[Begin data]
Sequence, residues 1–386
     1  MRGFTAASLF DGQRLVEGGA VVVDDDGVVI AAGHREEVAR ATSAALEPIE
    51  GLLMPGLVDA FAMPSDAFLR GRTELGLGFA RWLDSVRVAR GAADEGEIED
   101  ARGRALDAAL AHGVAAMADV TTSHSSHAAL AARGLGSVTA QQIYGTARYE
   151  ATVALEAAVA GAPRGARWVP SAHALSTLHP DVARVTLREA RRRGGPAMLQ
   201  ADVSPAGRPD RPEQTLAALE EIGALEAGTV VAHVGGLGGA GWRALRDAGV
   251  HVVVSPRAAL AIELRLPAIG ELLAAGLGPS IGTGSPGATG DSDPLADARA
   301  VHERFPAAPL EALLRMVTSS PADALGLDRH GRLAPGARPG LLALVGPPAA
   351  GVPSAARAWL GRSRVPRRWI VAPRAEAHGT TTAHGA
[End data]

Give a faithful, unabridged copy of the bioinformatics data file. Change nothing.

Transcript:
Sequence, residues 1–386
     1  MRGFTAASLF DGQRLVEGGA VVVDDDGVVI AAGHREEVAR ATSAALEPIE
    51  GLLMPGLVDA FAMPSDAFLR GRTELGLGFA RWLDSVRVAR GAADEGEIED
   101  ARGRALDAAL AHGVAAMADV TTSHSSHAAL AARGLGSVTA QQIYGTARYE
   151  ATVALEAAVA GAPRGARWVP SAHALSTLHP DVARVTLREA RRRGGPAMLQ
   201  ADVSPAGRPD RPEQTLAALE EIGALEAGTV VAHVGGLGGA GWRALRDAGV
   251  HVVVSPRAAL AIELRLPAIG ELLAAGLGPS IGTGSPGATG DSDPLADARA
   301  VHERFPAAPL EALLRMVTSS PADALGLDRH GRLAPGARPG LLALVGPPAA
   351  GVPSAARAWL GRSRVPRRWI VAPRAEAHGT TTAHGA